Animal Defenders International

 

Animal Defenders International

ADI continues to bring pressure to bear on company currently using primates in advertising

Posted: 21 October 2010

The campaign request from Animal Defenders International (ADI) for a coffee supplier to ‘wake up and smell the coffee’ with their use of 16 primates in a current TV advertisement continues to gather momentum.

Jan Creamer, ADI’s Chief Executive said that they had been encouraged by public support, and that several appalled individuals had followed ADI’s lead and also pledged to boycott Costa Coffee.

“As soon as we found out about the proposed ad we contacted the coffee company to clearly outline how we felt about the situation and also liaised with our supporters to inform them and encourage a boycott,” Jan said.

“From initial feedback received it is abundantly clear that we are not alone in the condemnation of the exploitation of primates in advertising and clearly this company has committed a faux pas.

“The use of wild animals in advertisements has never been acceptable and more and more companies have realised this and wouldn’t dream of using them – there are plenty of alternatives, including computer-generated images,” Jan said.

The next stage of ADI’s campaign will see the distribution of postcards to supporters for dispatch to their local coffee shop branch and Head Office to keep up the pressure and clearly explain why the supplier has got it so wrong, with the ultimate aim being to ensure that they never use primates in their advertisements again.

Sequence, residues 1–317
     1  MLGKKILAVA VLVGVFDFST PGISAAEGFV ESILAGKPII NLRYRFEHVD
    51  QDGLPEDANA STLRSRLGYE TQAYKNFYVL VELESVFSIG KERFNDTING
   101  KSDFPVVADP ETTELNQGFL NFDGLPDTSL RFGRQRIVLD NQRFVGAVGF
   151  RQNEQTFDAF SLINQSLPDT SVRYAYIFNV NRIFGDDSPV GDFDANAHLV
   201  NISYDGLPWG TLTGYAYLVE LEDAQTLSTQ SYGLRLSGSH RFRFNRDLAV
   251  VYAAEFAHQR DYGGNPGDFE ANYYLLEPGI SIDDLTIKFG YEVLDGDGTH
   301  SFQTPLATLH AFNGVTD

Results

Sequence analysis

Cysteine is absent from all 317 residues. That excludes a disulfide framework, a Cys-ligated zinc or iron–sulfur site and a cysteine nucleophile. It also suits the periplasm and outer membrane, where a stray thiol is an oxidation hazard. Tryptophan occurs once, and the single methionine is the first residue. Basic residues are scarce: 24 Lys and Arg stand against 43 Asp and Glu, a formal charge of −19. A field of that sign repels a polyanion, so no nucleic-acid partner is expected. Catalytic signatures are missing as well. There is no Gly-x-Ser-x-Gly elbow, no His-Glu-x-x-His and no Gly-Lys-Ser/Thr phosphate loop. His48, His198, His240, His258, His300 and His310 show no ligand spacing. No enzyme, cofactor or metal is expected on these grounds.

ADI is confident that the coffee company’s customer relations department will have been inundated with complaints over the last few weeks and now, with one more month remaining for broadcast of the advert, Animal Defenders International is ramping up activity.

To ultimately prove the point that the use of primates in advertisements is clear exploitation and cruelty, ADI was saddened to learn this week of the death of Jilloch the chimpanzee, used extensively by a tea manufacturer in their advertising campaigns in the eighties, who died from heart failure aged 34 years, at half the normal life expectancy of her species.

Jan said: “ADI is positive that the reason that Jilloch and others like her die prematurely is as a direct result of the stress, trauma and anguish that living such an unnatural, undignified existence causes. It is no surprise to us that Jilloch died prematurely when you think of the life she led.

“Poor old Jilloch was dressed up and mocked appallingly by a tea manufacturer and paraded on television for years, but after ADI and others successfully lobbied the manufacturer, they have not used chimps for eight years now.”

But rather than learn from others’ mistakes, for some inexplicable reason Costa decided that now was the right time to try to buck the trend. ADI believes that they have been incredibly misguided, when you also consider the fact that 48% of primate species are endangered, and their advert validates the trade in primates and their use in human entertainment.